In addition to these minimum wage increases, several cities (and some counties) have their own “local minimum wages” which are also increasing in the new year.

Minimum Wage as of November 21, 2016 Scheduled Increase for January 1, 2017
Arizona Cities
Flagstaff $8.05 No increase 1/1/17        To increase 7/1/17 — $12.00
California Cities/Counties
County of Los Angeles $10.00 No increase 1/1/17         To increase 7/1/17 — $10.50
small employer (25 or less)
large employer (26 or more) $10.50 No increase 1/1/17         To increase 7/1/17 — $12.00
County/City of San Francisco $13.00 No increase 1/1/17 To increase 7/1/17 — $14.00
Berkeley Alameda County $12.53 No increase 1/1/17 To increase 10/1/17 — $13.75
Cupertino Santa Clara County $10.00 $12.00
El Cerrito Contra Costa County $11.60 $12.25
Emeryville Alameda County $13.00 No increase 1/1/17        To increase 7/1/17 — $14.00
small employer (55 or less)
large employer (56 or more) $14.82 No increase 1/1/17      May increase 7/1/17 based on CPI
Long Beach LA County $10.00 No increase 1/1/17        To increase 7/1/17 — $10.50
small employer (25 or less)
large employer (26 or more) $10.50 No increase 1/1/17 To increase 7/1/17 — $12.00
Los Altos Santa Clara County $10.00 $12.00
Los Angeles LA County $10.00 No increase 1/1/17        To increase 7/1/17 — $10.50
small employer (25 or less)
large employer (26 or more) $10.50 No increase 1/1/17        To increase 7/1/17 — $12.00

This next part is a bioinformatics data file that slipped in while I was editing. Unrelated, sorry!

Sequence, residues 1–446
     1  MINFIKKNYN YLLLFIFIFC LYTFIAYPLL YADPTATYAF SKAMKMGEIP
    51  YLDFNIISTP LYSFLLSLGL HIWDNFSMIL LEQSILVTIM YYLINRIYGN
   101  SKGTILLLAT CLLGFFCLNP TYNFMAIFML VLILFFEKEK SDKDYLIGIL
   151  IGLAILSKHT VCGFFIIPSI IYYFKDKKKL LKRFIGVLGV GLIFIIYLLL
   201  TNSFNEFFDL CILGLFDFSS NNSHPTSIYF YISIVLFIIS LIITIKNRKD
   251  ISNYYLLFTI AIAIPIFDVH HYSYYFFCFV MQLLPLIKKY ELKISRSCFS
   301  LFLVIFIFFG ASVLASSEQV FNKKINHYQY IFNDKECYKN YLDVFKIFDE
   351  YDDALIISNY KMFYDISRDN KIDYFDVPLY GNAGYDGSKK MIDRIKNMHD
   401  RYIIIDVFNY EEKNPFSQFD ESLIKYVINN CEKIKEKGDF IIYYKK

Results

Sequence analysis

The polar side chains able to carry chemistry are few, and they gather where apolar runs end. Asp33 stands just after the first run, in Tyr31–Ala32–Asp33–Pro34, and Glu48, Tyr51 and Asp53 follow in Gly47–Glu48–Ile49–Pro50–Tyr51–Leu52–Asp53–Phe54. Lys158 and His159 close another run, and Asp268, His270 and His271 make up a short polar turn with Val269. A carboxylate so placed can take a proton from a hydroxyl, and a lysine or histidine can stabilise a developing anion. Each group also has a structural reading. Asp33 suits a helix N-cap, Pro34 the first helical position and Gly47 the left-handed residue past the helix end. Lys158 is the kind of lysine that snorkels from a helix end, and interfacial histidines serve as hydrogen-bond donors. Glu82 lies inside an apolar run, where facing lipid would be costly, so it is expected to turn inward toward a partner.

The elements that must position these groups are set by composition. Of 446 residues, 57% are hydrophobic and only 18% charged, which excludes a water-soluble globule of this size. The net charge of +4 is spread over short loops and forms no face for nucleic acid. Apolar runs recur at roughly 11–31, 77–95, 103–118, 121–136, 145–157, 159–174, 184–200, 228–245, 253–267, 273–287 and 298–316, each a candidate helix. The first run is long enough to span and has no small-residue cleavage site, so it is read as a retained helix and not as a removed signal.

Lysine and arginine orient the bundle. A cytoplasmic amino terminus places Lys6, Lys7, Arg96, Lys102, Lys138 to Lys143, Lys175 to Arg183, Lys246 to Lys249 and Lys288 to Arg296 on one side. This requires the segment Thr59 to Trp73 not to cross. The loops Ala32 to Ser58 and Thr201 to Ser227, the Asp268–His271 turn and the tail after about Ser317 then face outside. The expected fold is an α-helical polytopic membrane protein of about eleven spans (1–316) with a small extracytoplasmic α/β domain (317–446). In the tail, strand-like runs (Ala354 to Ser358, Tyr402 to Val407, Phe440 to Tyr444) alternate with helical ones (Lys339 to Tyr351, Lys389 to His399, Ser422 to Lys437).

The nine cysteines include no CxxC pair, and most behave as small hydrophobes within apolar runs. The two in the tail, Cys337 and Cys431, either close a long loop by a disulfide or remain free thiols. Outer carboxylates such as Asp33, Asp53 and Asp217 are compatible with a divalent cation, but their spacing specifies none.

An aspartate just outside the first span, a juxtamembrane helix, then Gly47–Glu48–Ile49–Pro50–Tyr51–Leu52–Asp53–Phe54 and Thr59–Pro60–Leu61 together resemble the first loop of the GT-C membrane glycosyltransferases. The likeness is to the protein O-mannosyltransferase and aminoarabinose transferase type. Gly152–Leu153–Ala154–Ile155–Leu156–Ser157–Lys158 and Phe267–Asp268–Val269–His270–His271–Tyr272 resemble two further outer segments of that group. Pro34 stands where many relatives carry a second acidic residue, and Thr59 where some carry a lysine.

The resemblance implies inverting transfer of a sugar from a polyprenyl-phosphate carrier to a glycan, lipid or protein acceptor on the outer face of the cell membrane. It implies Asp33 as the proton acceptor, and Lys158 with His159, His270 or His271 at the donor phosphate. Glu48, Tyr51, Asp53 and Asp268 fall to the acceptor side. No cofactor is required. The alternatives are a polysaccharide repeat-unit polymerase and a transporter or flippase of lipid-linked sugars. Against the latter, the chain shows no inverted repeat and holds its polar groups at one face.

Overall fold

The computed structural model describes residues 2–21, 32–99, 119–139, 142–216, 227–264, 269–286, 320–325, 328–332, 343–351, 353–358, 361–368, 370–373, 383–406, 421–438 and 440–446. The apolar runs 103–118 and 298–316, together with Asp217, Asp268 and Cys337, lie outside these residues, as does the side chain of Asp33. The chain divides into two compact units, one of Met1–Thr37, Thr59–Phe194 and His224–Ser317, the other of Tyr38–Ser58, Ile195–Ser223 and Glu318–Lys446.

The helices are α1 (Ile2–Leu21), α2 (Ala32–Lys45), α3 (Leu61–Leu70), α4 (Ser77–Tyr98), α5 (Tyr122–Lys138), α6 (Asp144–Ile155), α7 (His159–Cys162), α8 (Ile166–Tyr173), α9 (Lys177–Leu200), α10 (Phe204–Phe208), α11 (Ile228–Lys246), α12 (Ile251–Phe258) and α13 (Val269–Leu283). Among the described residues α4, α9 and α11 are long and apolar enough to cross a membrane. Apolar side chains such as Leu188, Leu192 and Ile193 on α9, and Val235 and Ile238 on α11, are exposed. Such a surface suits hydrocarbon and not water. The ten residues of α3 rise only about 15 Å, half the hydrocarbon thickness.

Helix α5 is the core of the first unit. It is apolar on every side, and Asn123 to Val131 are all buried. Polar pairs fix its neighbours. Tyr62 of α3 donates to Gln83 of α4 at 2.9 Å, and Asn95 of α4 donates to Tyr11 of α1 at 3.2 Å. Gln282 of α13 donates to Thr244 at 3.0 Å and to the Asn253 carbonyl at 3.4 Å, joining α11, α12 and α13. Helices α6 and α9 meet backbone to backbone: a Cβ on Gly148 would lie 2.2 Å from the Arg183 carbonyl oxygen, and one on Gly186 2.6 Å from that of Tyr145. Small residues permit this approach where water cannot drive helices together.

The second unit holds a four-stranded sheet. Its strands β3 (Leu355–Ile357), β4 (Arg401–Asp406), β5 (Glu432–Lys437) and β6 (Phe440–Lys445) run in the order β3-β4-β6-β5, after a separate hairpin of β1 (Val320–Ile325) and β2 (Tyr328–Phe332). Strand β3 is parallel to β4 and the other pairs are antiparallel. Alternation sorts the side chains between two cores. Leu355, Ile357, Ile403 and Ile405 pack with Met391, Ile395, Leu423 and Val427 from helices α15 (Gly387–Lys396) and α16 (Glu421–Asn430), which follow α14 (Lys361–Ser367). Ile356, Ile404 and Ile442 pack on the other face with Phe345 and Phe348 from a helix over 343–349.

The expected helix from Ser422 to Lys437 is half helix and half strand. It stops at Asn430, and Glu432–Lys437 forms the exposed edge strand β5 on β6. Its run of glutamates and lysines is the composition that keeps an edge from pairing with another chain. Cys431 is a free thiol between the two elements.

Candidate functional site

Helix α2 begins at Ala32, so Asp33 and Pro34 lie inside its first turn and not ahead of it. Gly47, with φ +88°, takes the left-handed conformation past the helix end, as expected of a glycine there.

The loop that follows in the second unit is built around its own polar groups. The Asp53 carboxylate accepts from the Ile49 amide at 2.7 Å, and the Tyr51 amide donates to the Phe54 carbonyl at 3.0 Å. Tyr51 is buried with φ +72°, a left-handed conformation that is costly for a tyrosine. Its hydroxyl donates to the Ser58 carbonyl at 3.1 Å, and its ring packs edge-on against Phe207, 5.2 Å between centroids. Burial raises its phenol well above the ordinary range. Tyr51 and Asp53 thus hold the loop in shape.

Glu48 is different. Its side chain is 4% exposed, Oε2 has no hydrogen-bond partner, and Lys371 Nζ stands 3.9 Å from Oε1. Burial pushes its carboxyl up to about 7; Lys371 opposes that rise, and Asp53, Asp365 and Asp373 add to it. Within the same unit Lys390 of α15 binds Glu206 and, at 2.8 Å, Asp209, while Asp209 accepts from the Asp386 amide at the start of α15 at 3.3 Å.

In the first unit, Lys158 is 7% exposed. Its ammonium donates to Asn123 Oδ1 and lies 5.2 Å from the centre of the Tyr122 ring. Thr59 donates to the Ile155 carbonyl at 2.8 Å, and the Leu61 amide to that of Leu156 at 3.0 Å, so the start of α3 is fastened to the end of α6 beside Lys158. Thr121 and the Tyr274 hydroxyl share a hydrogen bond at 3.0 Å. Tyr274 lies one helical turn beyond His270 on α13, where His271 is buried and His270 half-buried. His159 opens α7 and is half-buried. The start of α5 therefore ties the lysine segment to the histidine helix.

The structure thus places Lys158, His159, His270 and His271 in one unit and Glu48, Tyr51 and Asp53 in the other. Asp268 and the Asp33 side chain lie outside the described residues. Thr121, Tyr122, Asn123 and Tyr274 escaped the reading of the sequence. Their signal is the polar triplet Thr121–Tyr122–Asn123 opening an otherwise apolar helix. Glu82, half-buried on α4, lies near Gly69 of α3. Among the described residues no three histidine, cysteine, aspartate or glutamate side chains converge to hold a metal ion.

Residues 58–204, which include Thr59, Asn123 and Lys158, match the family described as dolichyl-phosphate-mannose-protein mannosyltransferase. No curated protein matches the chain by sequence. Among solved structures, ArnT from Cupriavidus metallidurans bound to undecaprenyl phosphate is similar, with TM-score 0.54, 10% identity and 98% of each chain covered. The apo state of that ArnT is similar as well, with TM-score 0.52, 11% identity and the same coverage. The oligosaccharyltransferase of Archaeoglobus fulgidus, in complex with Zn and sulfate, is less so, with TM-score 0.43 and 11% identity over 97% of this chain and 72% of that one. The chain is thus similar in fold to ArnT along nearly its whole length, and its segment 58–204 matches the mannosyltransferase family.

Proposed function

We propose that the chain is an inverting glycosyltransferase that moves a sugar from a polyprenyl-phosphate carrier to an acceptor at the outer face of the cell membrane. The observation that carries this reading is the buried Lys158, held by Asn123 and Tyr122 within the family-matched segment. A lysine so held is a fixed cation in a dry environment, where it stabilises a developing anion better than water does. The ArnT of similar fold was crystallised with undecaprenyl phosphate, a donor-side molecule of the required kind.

Mailbu Los Angeles County $10.00 No increase 1/1/17        To increase 7/1/17 — $10.50
small employer (25 or less)
large employer (26 or more) $10.50 No increase 1/1/17        To increase 7/1/17 — $12.00
Mountain View Santa Clara County $11.00 $13.00
Oakland Alameda County $12.55 No increase 1/1/17
Palo Alto Santa Clara County $11.00 No increase 1/1/17
Pasadena LA County $10.00 No increase 1/1/17        To increase 7/1/17 — $10.50
small employer (25 or less)
large employer (26 or more) $10.50 No increase 1/1/17        To increase 7/1/17 — $12.00
Richmond Contra Costa County $11.52 $12.30
San Diego San Diego County $10.50 $11.50
San Jose Santa Clara County $10.30 No increase 1/1/17
small employer (25 or less)
large employer (101 or more) $10.30 $10.50
San Leandro Alameda County $10.00 No increase 1/1/17        To increase 7/1/17 — $12.00
San Mateo San Mateo County $10.00 $12.00
For profit companies
small Non profit companies (25 or less) $10.00 No increase 1/1/17
large Non profit companies (26 or more $10.00 $10.50
Santa Clara Santa Clara County $11.00 No increase 1/1/17
Santa Monica LA County $10.00 No increase 1/1/17        To increase 7/1/17 — $10.50
small employer (25 or less)
large employer (26 or more) $10.50 No increase 1/1/17        To increase 7/1/17 — $12.00
Sacramento Sacramento County $10.00 No increase 1/1/17         To increase 1/1/18 — $10.50
small employer (25 or less)
large employer (26 or more) $10.00 $10.50
Sunnyvale Santa Clara County $11.00 $13.00
Illinois Cities/Counties
Cook County $8.25 No increase 1/1/17        To increase 7/1/17 — $10.00
Chicago $10.50 No increase 1/1/17        To increase 7/1/17 — $11.00